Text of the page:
Monday, October 06, 2008As you know: In the face of public outrage over -- and House rejection of -- the Bush administration's attempt at a $700 billion extortion -- a "gift" of your money to the very same people who have caused a global financial crisis -- administration hacks reacted in predictable fashion, throwing in another $100 billion worth of bribes in a shameless bid to get the bill passed.
Then the Senate approved, by a 3-1 margin, a thrown-together 450-page bill that few of them could have had time to read, much less consider.
Consider? No other options were considered at all, or even deemed worthy of consideration. And suddenly all the pressure was on the House.
The phones were ringing off the hook in the offices of "our" "Representatives", with public sentiment more or less equally divided between "NO!" and "HELL, NO!"
But the House passed the bill anyway.
This tells you all you need to know.
They don't care what you think. They don't have to. You're only a voter. There's a good chance that they can control the way you think, and thus the way you vote. And even if they can't do that, they can still control the way your vote is counted. Ever since they learned how to do these two things -- perception management and election rigging -- they haven't had to care about you one way or the other. Not that they ever did. They never cared about you -- not a bit. The difference now is that they don't even have to pretend anymore.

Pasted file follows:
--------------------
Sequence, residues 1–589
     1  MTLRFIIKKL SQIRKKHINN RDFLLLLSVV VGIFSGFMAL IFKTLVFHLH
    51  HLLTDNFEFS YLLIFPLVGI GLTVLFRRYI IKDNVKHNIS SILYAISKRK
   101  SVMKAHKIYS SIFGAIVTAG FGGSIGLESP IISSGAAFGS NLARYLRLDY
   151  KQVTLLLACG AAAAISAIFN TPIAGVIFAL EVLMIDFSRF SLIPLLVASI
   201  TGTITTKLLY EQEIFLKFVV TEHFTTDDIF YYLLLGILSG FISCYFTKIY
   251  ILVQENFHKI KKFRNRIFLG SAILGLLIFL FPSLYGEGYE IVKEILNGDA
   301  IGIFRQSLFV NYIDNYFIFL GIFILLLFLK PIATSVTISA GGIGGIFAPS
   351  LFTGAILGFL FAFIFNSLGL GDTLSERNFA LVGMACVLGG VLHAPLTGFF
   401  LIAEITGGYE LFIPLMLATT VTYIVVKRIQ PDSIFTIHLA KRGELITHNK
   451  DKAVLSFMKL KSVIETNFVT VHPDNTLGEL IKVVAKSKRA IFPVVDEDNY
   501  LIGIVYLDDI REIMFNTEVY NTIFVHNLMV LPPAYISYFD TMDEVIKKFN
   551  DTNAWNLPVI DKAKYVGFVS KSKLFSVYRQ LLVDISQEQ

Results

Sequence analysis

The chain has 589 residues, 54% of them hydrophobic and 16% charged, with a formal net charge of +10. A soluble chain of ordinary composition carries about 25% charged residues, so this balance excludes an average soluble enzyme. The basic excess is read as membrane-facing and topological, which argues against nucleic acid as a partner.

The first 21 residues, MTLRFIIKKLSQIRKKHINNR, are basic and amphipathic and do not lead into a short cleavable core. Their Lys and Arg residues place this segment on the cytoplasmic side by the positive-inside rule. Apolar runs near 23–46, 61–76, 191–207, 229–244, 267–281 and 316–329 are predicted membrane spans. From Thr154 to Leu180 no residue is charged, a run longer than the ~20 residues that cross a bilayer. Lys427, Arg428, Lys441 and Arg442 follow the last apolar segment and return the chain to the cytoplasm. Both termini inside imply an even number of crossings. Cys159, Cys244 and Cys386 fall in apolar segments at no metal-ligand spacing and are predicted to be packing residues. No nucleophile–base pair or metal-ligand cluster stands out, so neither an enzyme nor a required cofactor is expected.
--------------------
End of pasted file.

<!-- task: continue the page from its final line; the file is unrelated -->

Meanwhile, very quietly, Congress allocated another $615 billion of your money to keep the Pentagon going for another year of death and destruction -- anywhere, anytime, and preferably by remote control, if the monsters-in-control have their way.
We don't want this. Some of us have never wanted this; others have recently realized that they've had enough! But they don't care. They don't have to.
We have no money for health care. We have no money for education. We have no money to fix our roads and bridges, and we especially have no money for the people who have lost everything they owned, to hurricanes or predatory lending schemes or medical bills. And yet we have hundreds of billions every year for killing foreigners, and hundreds of billions more for ... for what, exactly?